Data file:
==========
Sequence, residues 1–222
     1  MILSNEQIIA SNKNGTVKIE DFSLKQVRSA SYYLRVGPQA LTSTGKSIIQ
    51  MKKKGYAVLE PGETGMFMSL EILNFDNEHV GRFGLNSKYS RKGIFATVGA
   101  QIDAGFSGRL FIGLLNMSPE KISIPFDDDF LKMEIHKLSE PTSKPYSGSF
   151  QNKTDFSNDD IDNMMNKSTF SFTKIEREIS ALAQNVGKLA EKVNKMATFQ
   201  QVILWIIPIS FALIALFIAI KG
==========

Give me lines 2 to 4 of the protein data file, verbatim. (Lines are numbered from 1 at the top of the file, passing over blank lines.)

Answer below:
     1  MILSNEQIIA SNKNGTVKIE DFSLKQVRSA SYYLRVGPQA LTSTGKSIIQ
    51  MKKKGYAVLE PGETGMFMSL EILNFDNEHV GRFGLNSKYS RKGIFATVGA
   101  QIDAGFSGRL FIGLLNMSPE KISIPFDDDF LKMEIHKLSE PTSKPYSGSF